New Brexit Papers – Government Position Paper on Collaboration on Science and Innovation and House of Commons Library Briefing Paper on the Withdrawal Bill
The Government has published a position paper on Collaboration on science and innovation. Having previously stated its intent to continue to collaborate with its European partners on major science, research and technology initiatives, this paper sets out the UK’s objectives for a science and innovation partnership agreement with the EU.
On 1 September 2017 the House of Commons Library published a briefing paper on the European Union (Withdrawal) Bill, which provides a useful analysis of the key features of the Bill. The paper also highlights areas of uncertainty and complexity in the Bill and is critical of the way some of the delegated powers are drafted, which will enable Government to make substantive policy changes (as opposed to necessary technical changes to resolve deficiencies) to retained EU law.
A joint EU/UK technical note on the comparison of the EU and UK positions on citizens’ rights was published on 31 August 2017. Citizens’ rights was one of the main topics covered in the latest round of negotiations (alongside financial settlement and other separation issues).
The joint technical note summarises and compares the EU and UK positions in respect of citizens’ rights. The note sets out, in table format, areas on which the UK and the EU are in agreement (highlighted in green), areas on which there remains disagreement (highlighted in red) and issues where further discussion is necessary to clarify the position (highlighted in yellow).
Last week the UK Government released its negotiating position paper on international transfers of personal data within the EEA (The Exchange and Protection of Personal Data). Once the UK leaves the EEA it will no longer be subject to the General Data Protection Regulation (the “GDPR”) and would no longer form part of the EU “safe data” zone throughout which personal data may be freely transferred. The GDPR will however continue to apply to UK businesses who provide goods or services to individuals in the EEA.
In line with previous declarations, the position paper outlines the Government’s desire to maintain the “frictionless” movement of data to and from other countries within the EEA. It cites the economic benefits for the UK and EU as well as cooperation in respect of law enforcement matters (such as serious crime and terrorism).
The position paper sets out the Government’s preferred outcome in three key areas:
- An EU adequacy decision in relation to the UK’s post-Brexit data protection legislation;
- The continued input of the UK data regulator (the Information Commissioner’s Office (the “ICO”)) in the EU’s regulatory dialogue; and
- Interim arrangements, from the point of Brexit to the time when more permanent measures have been put in place, to maintain stability and consistency.
An adequacy decision would be made by the European Commission. It would effectively state that the UK’s data protection regime offered a standard of protection equivalent to that in other EU member states. This would be the most efficient method of ensuring that personal data can continue to flow between the UK and the rest of the EU. The position paper highlights the fact that the UK will have in place, at the point of departure from the EU, a data protection regime which is at an “unprecedented point of alignment with the EU” (by virtue of the GDPR, which will have applied up to that point).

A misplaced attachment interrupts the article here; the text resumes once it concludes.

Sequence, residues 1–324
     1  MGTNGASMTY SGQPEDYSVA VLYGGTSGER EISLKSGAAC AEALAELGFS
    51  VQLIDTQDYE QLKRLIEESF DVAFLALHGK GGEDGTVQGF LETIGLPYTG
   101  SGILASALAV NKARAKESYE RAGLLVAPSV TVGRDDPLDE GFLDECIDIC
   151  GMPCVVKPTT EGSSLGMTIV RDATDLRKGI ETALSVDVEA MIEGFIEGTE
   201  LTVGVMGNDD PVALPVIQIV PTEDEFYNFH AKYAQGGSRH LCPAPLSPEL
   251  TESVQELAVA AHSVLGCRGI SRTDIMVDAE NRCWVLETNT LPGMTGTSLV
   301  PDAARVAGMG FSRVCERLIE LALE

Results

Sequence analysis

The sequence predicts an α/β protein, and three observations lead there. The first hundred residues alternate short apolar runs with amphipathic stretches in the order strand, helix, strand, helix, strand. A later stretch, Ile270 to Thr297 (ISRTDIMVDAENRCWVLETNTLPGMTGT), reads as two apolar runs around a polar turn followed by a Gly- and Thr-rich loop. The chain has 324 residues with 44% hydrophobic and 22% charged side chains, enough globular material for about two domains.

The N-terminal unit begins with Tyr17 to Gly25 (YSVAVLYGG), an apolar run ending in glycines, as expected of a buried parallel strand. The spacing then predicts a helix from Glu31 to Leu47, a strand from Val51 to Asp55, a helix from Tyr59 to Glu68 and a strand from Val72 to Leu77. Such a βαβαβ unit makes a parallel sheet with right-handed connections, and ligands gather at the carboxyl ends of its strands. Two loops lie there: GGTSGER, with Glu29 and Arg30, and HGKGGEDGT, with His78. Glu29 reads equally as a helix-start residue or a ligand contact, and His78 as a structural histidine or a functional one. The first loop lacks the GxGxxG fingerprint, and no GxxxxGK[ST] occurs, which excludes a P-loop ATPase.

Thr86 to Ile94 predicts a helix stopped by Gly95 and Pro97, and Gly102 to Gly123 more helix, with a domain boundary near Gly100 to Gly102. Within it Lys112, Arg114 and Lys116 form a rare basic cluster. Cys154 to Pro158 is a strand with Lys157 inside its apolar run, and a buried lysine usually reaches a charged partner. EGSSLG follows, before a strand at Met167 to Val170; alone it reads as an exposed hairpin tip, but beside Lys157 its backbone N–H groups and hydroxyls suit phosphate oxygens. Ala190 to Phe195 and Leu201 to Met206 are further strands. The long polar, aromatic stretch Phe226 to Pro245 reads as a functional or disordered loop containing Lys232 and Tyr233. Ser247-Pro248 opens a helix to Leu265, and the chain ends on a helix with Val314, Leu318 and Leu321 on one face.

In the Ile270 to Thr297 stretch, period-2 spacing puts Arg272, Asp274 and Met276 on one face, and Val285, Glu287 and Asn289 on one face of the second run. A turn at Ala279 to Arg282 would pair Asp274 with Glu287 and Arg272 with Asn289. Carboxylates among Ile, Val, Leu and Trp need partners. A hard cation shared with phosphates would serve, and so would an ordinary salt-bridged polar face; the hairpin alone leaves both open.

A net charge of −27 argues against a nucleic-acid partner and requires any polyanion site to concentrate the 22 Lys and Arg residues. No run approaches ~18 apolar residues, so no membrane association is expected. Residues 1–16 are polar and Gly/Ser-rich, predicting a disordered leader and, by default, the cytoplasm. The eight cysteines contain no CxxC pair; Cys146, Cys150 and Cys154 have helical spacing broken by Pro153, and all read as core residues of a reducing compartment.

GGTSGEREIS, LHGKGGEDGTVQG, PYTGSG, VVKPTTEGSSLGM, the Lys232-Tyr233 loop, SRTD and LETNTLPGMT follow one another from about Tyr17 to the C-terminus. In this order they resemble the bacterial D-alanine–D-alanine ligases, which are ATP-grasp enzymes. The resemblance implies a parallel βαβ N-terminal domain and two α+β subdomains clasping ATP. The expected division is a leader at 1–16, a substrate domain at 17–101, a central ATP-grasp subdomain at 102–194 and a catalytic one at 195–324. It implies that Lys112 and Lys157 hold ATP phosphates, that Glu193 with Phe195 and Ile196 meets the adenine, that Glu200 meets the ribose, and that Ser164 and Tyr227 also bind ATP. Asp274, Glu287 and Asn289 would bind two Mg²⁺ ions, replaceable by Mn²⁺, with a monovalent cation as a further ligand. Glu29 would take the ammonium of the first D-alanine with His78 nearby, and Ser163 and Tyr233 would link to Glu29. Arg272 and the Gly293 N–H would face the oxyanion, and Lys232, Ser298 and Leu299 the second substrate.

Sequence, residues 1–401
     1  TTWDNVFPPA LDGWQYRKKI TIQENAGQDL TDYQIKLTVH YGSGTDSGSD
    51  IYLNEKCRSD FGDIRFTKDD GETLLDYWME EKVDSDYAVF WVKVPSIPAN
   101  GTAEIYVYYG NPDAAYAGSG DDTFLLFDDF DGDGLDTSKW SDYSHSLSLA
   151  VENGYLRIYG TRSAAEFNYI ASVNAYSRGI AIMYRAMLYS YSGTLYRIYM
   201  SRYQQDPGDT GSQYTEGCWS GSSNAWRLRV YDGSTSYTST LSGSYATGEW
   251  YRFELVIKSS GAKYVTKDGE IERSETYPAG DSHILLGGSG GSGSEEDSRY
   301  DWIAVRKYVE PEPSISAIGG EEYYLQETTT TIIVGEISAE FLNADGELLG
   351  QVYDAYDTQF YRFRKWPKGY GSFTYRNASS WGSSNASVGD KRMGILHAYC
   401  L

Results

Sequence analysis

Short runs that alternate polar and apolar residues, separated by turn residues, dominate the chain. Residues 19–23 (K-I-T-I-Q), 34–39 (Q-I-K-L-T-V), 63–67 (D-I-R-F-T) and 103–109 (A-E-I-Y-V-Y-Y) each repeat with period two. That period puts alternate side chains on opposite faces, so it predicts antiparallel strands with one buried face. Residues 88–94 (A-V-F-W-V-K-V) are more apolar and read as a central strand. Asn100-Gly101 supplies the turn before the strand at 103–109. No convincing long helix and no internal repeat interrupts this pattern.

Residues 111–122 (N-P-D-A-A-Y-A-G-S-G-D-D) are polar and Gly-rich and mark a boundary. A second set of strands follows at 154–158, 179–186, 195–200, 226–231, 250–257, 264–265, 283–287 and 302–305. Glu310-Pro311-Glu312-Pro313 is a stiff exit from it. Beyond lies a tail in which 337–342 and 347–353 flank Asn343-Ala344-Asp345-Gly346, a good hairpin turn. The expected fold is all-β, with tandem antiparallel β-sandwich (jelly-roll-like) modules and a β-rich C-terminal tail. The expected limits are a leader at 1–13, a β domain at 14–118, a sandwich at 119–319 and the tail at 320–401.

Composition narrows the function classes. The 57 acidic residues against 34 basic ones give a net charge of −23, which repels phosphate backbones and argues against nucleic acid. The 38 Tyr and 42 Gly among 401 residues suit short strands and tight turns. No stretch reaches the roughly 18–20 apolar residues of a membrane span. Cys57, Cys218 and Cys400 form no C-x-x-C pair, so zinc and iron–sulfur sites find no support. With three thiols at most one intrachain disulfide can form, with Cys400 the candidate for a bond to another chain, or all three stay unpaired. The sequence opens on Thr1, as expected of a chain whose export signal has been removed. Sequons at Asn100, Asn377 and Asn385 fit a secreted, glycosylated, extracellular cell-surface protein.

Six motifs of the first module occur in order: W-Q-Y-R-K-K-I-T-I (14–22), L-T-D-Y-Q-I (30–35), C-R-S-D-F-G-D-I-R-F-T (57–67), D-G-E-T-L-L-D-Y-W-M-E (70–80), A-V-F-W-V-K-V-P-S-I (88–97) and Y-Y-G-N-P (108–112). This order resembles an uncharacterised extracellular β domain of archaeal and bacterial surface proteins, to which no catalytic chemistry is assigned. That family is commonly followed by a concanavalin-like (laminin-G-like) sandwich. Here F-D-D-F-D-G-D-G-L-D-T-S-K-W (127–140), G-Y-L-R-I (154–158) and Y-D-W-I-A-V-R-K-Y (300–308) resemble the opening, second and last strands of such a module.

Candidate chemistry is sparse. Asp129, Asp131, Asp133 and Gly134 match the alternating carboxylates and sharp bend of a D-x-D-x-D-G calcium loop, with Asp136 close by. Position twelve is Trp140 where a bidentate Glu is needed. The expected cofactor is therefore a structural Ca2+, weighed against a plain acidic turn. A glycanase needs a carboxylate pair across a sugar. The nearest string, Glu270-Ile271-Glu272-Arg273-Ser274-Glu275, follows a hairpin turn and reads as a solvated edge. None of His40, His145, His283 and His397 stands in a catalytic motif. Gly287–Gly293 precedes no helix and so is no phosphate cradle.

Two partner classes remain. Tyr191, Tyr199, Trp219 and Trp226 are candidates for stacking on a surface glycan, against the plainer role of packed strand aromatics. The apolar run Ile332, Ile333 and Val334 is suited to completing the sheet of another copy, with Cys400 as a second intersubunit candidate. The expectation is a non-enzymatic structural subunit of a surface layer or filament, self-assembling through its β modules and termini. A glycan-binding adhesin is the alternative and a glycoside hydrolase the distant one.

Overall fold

If an adequacy decision, or something similar, is not forthcoming, then data controllers within the EEA would only be able to export personal data to the UK under the terms of the Standard Contractual Clauses, or by following approved Codes of Conduct, or, in intra-group situations, after they have implemented Binding Corporate Rules. These are the alternative legal bases for transfers of personal data outside the EEA as set out in the GDPR. As we have seen (in the context of data transfers with other non-EEA countries), these inevitably lead to additional cost and administrative hassle for organisations, especially for small to medium sized companies.
There are nonetheless some obstacles to the adequacy model, not all of which are mentioned in the Government’s position paper. One (somewhat glaring) omission is the fact that the UK’s controversial surveillance regime may affect its ability to meet the standards. In particular, there are ongoing concerns about the extent of the surveillance, interception and retention powers in the Investigatory Powers Act 2016, which run counter to the EU’s approach to data protection. Surveillance legislation in the US has to date precluded an adequacy decision, forcing it to rely instead on measures such as the US Privacy Shield, Standard Contractual Clauses and Binding Corporate Rules.
ICO input into European Data Protection
The paper outlines the UK’s intention to remain “fully involved in future EU regulatory dialogue” around data protection in a post-Brexit world. It states that the ICO would want to continue working closely with other authorities and proposes that the UK explores mechanisms to this effect.
This position is not surprising. If the UK were to lose influence at the European table, this could lead to divergence in the interpretation of relevant legislation between the UK and the rest of the EU. This could, in turn, impact any adequacy decision applying to the UK.
Throughout, the paper advocates the need for stability and certainty in respect of the many existing data transfer arrangements between the UK and other EU member states. In order to tackle this issue, it proposes that the EU at least find in favour of an interim adequacy decision for the mutual benefit of all parties. It argues that this is acceptable on two grounds, namely:
- The UK’s data protection regime will necessarily be fully compliant with the GDPR at the point of its departure from the EU (as it will be subject to the GDPR immediately beforehand); and